We will also be reviewing and soliciting public comment on our so-called "pediatric rule" to determine which parts of it should be retained to cover potential gaps in the existing legislation, and which requirements -- if any --are unnecessary and should be eliminated.
Speaking of clinical trials brings me to another set of issues involving the safety of FDA-regulated products -- issues that challenge our ability to pursue our public health mission abroad.
As most of you know, the multinationalization of the regulated industry and the globalization of trade that have taken place over the past 40 years have prompted our agency to negotiate cross-border agreements whose purpose is to ensure that imported products comply with U. S. public health standards.
By and large we've been successful in these efforts, and we now have more than 60 agreements with foreign countries whose governments are cooperating with us. But as globalization advances into new areas, we sometime have to undertake abroad new tasks that call for exceptional initiative and effort.
One example is the extraordinary increase in the number of foreign researchers conducting clinical trials of drugs developed for the American market. In 1990, the FDA had in its data base 271 foreign researchers performing this function in 28 countries. By the end of the decade the number of such researchers grew to 4,458 -- a 16-fold increase -- and the number of countries where they conduct the clinical trials increased to 79.
Now, some of these countries subscribe to the guidelines developed by the International Conference on Harmonization, which ensure the quality and address many fundamental aspects of clinical studies. In these countries, there are provisions for the protection of trial participants, and for the integrity of the data about the products' safety and effectiveness. But some foreign governments do not subscribe to these standards, and that can raise doubts about the quality and safety of clinical trials conducted in their jurisdiction.
This is a situation that the FDA cannot tolerate. We cannot be uncertain about patient protection, which is a basic human right, and we cannot have doubts about the integrity of the research data we use for product review and approval. Without ethical trials that produce verifiable, quality data, there is a real concern for patient safety, and no level field for competition.
And so we are presented with the question of how to ensure that all drugs, regardless where tested, meet the U.S. standards when they are submitted for FDA's review. We are working hard to find the answers. We are cooperating with other U.S. agencies, the World Health Organization, and our foreign counterparts to build in-country capacity for the oversight of these studies wherever they take place. We're also looking at our own criteria for accepting the results of these foreign trials, to make sure they serve our public health mission.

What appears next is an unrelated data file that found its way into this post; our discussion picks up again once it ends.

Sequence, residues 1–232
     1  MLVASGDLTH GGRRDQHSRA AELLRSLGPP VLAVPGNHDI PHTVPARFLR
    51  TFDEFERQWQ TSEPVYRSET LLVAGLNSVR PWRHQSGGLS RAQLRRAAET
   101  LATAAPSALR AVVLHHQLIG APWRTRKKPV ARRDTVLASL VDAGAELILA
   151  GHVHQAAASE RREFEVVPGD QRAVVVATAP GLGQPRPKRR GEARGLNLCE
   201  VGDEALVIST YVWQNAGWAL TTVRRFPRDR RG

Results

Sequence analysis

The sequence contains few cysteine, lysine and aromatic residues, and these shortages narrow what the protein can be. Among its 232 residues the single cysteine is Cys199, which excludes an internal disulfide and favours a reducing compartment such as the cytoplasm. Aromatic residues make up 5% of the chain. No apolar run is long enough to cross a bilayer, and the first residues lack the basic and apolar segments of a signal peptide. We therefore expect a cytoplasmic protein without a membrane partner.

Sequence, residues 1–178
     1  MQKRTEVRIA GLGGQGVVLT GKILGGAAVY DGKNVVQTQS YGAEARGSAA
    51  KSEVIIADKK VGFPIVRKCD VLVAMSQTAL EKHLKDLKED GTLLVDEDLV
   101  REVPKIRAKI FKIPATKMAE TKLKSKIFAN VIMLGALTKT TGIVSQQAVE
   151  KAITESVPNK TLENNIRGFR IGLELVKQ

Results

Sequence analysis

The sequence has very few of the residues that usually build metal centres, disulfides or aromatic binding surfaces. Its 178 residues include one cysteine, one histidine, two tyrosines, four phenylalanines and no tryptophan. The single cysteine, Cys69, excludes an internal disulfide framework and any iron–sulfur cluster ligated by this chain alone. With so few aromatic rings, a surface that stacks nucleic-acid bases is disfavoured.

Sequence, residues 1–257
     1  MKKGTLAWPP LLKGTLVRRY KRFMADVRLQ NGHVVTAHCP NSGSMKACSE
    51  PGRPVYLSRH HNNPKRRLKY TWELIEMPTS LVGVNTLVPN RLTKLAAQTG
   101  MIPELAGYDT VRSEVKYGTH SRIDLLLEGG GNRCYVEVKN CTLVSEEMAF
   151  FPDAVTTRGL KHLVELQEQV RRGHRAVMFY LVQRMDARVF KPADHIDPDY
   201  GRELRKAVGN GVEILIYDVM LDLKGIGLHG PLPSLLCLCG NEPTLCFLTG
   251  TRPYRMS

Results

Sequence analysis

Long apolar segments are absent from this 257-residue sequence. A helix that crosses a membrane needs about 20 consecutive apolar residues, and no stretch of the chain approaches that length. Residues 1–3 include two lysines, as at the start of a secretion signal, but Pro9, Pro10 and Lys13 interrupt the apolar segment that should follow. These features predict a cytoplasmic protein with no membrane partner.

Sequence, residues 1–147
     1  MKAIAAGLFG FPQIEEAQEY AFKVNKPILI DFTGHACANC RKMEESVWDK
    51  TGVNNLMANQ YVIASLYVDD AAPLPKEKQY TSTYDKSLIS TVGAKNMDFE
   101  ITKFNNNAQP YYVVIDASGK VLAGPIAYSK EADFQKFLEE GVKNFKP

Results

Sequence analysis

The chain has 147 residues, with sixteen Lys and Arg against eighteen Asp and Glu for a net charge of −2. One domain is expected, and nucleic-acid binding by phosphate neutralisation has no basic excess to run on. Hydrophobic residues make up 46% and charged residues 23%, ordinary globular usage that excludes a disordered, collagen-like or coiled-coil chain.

I could spend a great deal of time discussing our challenges, both at home and abroad. I could dwell on the intricacies of our implementation of the Mutual Recognition Agreement with the European Union, an agreement that could save both our and European Union's resources by sparing us the need to inspect European plants that produce drugs and medical devices for our market, and vice versa.
And I could talk about the impact on FDA's workload of new technologies that require the agency's expertise and oversight. These products, which are now coming out of research pipelines, range from genetically manipulated food and animals to products that combine medications and devices; nanotechnology; robotics; and cell and gene therapies, to mention just a few.
But I don't want to leave you with the impression that the tragic violence of last September has so multiplied our agency's challenges that we are about to be overwhelmed. Nothing could be more wrong. For one thing, we don't fear challenges -- we see them as opportunities to serve our public better. For another, the FDA has not earned the widespread support I mentioned earlier by failing its mission.
As an institution, we have a solid, 96 year-old record of protecting and promoting America's public health, whose success is reflected in the rising longevity and high quality of life in our country.
As a person who has watched FDA's performance for almost 30 years, I am confident that our agency will overcome the challenges that lie ahead of us. We have the scientific expertise, the experience, the resources and the commitment to meet the demands and expectations of our time in the best FDA tradition:by strengthening the shield of protections that help keep our nation healthy, vigorous and thriving.